Those who do manage to find 20 hours of work per week as stipulated by the student visa still found they had few alternatives but to urgently seek more hours to get by – and this is offered by garment factories. Some student garment makers have reported to be legally working 20 hours a week while studying at university, to then undertake work in garment factories all weekends for 12 hours. This means they work full-time hours alongside their full-time studies – and over half of those hours are not paid at the National Minimum Wage rate. One student noted that “I am having to do more hours because of not being paid legal wage”. As a result, despite working throughout all hours of the week, student garment workers continue to struggle in poor living and working conditions, and balance paying off their debts. It is common for student garment workers to be unable to afford food, they will walk long distances due to having no money for travel, and live in unsafe conditions and damp, cold and unclean accommodation. Many garment workers, not just students, have reported sharing a room with five or more people in cramped conditions.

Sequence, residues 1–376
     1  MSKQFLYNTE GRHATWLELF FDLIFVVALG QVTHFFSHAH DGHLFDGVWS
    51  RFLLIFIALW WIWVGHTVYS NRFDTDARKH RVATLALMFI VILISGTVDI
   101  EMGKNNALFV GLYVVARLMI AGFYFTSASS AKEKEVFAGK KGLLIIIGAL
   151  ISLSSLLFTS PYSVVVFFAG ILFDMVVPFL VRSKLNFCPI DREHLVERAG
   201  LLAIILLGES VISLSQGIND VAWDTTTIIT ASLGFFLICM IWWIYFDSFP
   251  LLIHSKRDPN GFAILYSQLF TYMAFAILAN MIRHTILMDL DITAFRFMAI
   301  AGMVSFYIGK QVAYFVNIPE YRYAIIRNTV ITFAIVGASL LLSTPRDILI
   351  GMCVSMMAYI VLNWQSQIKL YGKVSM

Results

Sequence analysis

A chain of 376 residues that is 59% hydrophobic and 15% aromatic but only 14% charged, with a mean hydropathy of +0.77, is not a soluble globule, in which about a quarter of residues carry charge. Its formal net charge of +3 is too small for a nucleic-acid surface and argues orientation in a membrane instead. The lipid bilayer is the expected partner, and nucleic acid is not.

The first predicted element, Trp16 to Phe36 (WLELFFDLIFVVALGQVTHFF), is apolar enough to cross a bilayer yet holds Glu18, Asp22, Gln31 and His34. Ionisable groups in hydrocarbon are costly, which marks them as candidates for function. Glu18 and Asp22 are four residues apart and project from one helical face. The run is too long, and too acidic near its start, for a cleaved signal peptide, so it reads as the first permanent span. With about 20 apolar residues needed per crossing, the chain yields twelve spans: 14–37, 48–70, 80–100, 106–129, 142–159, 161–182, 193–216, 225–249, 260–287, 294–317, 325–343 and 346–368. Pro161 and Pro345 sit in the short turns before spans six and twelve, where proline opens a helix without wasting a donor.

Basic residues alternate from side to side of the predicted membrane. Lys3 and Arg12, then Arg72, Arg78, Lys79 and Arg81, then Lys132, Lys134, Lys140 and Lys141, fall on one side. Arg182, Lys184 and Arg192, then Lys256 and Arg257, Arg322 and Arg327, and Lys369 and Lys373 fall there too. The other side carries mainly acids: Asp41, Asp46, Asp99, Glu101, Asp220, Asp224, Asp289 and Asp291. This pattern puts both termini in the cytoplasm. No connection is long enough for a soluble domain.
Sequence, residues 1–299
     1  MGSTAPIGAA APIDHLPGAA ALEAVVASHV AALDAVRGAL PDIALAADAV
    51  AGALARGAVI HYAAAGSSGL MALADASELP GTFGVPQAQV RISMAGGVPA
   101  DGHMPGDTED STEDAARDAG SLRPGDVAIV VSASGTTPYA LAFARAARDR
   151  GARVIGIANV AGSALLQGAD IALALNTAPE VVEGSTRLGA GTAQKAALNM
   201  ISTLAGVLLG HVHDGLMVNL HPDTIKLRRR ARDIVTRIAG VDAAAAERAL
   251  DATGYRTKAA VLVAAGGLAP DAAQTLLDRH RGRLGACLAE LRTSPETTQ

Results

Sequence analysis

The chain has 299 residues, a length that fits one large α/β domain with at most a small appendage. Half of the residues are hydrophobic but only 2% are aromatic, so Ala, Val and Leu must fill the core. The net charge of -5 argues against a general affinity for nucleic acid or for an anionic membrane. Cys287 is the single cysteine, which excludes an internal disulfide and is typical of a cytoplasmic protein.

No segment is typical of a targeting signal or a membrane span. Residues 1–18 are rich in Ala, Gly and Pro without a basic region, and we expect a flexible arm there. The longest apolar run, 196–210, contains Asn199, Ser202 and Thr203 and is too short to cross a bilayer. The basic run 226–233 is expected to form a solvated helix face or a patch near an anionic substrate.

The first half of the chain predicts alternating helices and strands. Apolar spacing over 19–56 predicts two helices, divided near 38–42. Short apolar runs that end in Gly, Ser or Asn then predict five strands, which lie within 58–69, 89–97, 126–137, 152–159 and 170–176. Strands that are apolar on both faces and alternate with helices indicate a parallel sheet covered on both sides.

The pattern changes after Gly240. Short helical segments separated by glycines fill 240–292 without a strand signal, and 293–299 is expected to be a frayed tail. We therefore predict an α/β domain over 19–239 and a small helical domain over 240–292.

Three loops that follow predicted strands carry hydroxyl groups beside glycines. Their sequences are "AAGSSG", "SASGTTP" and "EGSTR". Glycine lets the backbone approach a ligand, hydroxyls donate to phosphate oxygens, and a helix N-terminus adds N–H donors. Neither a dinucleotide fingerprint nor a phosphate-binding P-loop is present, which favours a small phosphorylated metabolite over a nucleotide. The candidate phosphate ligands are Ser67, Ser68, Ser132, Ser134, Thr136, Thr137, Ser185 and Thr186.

These stories reinforce that the beginnings and continuations of exploitation of migrant workers in the UK is not simply within garment factories but has already taken shape when being restricted in accessing other workplaces that are more secure, safe and better-paid – simply for being an international student. Similarly, the want for a “better future” highlights existing inequalities and extractive, exploitative relationships between countries in the Global North and the Global South. The UK relies upon and upholds this kind of structural exploitation in order for its industries, such as garment production, to function – whether UK brands base their factories in the Global North or the Global South, they continue to exploit racialised and migratised people from the Global South. The stories also make clear that what these workers are experiencing is trafficking and extreme levels of exploitation – including modern slavery – because they are being tricked and frauded into a situation where they are trapped and forced to work under inhumane, illegal and unacceptable conditions.